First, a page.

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Chapter 1. WHY BOTHER?

Topics in This Chapter

  • Why 3D was unable to reach the mass of Web users before today

  • Unveiling key Web3D technologies (VRML, X3D, Java 3D, and MPEG-4/BIFS) and the Web3D Consortium

  • An overview of yesterday's roadblocks: bandwidth, platform, and authoring-tool limitations

  • Exploring how Web3D facilitates product and data visualization, eCommerce and business applications, entertainment, Web page enhancement, and news and advertisement enhancement

  • A tour of the Web3D future by way of VRML sites available today

3D is difficult. Extremely difficult. Thinking and working in three dimensions is natural for human beings; we do it every moment of every day. Our brains are wired for three dimensions because our world is made up of three dimensions: height, width, and depth. But "3D"—the field of computer science that deals expressly with creating, manipulating, and navigating computer content in three dimensions—is difficult. Extremely difficult.

It should come as no surprise, then, that Web3D—the distribution and navigation of 3D content over the World Wide Web—is also difficult. In fact, it's more technologically challenging than traditional 3D, owing to the high bandwidth required to smoothly deliver realistic 3D content through the Internet. And, once such content arrives at the desktop, an astonishing amount of computing power is required to interact with it. As a result, compelling Web3D content was practically impossible for the average end user to experience before today. Which raises the question: Why bother?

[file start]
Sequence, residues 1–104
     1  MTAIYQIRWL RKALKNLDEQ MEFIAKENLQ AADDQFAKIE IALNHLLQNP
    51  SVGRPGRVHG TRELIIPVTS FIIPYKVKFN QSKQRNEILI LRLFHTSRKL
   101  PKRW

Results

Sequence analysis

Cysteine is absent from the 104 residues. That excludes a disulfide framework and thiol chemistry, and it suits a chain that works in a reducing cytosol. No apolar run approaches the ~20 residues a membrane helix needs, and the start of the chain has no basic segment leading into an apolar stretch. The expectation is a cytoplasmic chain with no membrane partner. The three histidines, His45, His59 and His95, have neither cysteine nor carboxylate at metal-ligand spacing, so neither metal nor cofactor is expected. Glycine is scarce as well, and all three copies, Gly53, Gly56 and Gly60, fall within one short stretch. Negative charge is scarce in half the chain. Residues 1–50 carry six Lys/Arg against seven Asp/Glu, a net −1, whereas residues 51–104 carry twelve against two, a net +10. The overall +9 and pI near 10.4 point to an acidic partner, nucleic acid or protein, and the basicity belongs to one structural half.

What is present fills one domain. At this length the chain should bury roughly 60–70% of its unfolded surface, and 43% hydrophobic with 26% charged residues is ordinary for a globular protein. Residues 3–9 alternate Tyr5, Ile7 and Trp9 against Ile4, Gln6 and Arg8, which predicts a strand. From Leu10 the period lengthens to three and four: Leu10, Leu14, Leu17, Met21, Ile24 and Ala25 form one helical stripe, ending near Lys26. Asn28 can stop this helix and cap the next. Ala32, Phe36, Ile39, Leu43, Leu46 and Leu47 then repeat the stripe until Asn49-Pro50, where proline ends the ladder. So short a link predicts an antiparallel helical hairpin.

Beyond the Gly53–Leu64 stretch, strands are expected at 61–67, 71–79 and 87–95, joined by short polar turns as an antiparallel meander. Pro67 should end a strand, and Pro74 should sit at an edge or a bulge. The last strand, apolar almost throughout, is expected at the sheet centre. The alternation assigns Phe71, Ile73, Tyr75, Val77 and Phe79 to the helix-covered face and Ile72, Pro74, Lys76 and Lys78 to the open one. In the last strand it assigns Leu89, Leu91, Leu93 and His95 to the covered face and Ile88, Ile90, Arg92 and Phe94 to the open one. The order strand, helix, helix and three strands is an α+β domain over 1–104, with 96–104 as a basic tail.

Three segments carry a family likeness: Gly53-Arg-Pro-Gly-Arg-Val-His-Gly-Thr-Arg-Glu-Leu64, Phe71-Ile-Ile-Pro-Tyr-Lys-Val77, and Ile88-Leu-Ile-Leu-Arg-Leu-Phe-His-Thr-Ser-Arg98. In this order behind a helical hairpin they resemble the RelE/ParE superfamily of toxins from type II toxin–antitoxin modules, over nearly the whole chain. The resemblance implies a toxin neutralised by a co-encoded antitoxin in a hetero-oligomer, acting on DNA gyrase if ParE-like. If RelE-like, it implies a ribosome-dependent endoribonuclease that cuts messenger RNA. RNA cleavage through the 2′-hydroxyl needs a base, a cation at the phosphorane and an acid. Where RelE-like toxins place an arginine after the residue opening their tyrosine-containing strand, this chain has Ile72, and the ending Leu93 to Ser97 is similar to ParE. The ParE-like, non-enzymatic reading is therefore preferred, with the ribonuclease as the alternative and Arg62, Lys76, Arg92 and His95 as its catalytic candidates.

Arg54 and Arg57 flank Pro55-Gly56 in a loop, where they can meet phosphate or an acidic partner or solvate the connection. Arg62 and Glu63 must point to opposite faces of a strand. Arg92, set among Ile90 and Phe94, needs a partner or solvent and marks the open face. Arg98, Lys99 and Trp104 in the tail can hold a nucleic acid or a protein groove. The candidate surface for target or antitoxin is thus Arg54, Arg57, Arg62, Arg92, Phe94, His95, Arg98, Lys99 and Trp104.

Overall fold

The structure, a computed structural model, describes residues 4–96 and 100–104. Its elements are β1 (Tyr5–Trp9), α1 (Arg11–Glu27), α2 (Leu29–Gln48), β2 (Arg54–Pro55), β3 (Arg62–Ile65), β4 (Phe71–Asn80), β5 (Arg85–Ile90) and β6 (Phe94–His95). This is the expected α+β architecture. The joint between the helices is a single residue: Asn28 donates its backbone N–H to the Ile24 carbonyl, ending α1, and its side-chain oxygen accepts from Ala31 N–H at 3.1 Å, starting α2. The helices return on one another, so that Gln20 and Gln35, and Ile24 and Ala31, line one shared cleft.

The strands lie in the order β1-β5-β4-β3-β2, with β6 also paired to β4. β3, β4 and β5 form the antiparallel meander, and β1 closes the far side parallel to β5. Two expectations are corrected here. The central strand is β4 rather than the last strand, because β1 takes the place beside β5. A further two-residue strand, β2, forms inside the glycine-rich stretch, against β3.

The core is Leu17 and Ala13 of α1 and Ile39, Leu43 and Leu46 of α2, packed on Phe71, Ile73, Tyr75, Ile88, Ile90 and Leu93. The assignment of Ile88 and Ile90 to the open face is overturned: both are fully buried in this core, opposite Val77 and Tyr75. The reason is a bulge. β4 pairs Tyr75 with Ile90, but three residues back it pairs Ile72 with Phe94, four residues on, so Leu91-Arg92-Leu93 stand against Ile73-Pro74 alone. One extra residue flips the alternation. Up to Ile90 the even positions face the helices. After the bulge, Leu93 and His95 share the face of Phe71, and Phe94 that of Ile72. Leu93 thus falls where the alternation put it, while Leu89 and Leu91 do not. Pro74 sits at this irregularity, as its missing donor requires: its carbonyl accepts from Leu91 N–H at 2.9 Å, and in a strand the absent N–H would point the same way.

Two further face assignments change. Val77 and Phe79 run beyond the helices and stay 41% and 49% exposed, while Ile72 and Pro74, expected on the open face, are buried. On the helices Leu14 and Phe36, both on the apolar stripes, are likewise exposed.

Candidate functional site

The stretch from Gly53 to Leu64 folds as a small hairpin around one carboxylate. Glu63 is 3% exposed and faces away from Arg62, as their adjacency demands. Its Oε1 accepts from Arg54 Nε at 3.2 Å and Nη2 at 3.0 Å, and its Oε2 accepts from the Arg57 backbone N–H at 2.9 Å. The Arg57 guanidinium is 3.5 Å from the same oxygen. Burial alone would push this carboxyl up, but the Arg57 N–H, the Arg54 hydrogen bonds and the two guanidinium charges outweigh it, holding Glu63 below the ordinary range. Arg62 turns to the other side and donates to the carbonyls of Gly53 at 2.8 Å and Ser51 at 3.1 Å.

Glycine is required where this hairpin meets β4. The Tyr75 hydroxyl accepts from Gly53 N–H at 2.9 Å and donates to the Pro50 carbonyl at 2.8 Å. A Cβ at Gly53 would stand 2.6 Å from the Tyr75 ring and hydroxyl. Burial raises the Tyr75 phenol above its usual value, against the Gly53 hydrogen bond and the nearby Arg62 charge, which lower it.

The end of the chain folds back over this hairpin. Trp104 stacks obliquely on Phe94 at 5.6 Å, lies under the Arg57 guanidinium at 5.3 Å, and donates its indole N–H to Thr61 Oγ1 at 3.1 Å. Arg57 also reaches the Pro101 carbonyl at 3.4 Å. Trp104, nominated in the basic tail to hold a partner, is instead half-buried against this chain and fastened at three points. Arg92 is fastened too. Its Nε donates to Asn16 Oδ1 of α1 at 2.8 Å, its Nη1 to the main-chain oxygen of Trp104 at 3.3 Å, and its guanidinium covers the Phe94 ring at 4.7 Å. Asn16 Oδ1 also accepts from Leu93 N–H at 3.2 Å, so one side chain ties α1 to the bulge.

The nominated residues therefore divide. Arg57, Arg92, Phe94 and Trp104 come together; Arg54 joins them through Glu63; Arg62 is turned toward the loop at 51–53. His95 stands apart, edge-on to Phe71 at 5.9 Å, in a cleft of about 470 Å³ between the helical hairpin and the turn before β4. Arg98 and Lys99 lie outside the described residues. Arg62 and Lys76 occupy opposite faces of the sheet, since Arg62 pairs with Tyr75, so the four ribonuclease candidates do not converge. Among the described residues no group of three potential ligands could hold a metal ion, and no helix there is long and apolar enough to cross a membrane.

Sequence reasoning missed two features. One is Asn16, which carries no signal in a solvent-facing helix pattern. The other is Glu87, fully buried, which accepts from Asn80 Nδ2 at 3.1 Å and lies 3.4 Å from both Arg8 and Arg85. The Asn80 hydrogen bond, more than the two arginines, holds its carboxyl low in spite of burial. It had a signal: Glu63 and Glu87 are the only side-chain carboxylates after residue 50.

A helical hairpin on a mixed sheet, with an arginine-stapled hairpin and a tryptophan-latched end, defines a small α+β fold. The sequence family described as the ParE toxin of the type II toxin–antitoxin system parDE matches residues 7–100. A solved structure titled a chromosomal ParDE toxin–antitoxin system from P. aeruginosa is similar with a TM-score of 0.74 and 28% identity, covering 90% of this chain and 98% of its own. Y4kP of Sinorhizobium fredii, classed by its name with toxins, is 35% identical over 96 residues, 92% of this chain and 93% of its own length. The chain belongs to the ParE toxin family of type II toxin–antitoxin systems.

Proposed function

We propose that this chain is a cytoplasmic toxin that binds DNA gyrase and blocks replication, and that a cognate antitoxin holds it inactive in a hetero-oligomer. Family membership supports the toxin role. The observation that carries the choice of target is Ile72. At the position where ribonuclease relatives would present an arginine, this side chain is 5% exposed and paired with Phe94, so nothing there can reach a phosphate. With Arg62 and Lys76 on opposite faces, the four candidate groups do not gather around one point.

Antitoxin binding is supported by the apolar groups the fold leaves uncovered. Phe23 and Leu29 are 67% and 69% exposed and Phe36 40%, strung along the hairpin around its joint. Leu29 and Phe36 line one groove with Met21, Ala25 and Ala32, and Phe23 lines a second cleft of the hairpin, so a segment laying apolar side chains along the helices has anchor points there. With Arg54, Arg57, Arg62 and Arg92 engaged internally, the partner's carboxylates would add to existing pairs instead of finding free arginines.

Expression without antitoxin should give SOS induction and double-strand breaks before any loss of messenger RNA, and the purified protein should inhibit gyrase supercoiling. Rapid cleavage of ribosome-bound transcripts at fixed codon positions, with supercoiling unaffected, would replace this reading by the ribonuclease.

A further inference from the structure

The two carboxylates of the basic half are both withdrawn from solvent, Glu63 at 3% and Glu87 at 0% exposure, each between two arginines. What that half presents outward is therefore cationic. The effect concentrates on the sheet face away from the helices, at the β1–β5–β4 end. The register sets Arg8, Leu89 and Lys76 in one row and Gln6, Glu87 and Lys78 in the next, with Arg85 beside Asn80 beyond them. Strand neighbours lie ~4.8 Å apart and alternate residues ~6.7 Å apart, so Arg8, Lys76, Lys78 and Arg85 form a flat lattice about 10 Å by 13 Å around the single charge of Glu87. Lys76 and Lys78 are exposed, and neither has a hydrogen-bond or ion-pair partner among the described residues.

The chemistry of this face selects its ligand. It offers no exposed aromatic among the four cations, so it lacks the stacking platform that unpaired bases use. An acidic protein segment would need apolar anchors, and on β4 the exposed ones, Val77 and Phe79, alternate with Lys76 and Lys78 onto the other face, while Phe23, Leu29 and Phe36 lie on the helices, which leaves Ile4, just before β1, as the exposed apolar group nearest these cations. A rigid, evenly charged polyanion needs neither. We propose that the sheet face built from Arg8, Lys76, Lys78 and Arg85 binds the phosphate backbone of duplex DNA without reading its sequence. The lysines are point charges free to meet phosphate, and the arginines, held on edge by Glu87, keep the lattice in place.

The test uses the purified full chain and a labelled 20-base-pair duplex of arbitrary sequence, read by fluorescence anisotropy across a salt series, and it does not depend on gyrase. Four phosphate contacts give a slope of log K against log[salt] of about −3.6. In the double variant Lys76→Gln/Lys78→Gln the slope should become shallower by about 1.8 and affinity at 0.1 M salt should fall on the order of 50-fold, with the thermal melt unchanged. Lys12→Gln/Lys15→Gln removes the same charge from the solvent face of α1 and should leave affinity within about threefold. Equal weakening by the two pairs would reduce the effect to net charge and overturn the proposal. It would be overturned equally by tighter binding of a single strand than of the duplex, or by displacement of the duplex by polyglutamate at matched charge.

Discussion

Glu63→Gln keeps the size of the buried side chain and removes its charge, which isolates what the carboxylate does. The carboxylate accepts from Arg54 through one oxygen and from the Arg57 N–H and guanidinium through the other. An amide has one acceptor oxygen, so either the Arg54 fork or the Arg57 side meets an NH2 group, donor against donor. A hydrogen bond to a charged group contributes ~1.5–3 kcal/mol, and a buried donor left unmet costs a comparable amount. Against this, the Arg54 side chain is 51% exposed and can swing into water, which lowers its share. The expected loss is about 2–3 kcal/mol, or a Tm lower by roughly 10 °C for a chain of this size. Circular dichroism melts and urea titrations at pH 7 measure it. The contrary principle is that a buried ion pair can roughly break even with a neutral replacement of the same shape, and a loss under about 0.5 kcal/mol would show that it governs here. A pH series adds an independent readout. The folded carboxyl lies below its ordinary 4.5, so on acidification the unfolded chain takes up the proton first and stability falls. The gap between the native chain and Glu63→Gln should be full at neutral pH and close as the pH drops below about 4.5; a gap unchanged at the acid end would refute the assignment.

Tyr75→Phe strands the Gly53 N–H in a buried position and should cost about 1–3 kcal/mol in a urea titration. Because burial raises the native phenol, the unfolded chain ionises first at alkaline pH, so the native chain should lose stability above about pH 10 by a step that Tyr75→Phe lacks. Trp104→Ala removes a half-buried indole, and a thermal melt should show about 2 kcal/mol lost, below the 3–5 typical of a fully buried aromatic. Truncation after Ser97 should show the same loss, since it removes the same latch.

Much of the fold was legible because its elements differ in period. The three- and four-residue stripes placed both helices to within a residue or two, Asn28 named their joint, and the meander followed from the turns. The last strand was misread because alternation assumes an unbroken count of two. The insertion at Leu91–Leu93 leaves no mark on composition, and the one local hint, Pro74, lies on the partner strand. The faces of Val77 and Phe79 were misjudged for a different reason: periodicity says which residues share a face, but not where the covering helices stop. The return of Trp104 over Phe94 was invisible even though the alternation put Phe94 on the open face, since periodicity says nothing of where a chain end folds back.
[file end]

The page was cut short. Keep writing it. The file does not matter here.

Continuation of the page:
To understand the answer, you must first understand what Web3D actually is. The term "Web3D," as used throughout this book, didn't even exist before the end of 1998, even though many of the technologies it describes have been around in one form or another for several years. Web3D does not describe a specific technology, nor is it merely a way to deliver 3D content over the World Wide Web. Finally, Web3D is not solely about content that just looks 3D to the eye—a visual trick that any experienced graphics artist can produce with Adobe Photoshop by simply adding the appearance of depth to an image; Web3D goes much further than that.

So what's Web3D all about, and why should you care?



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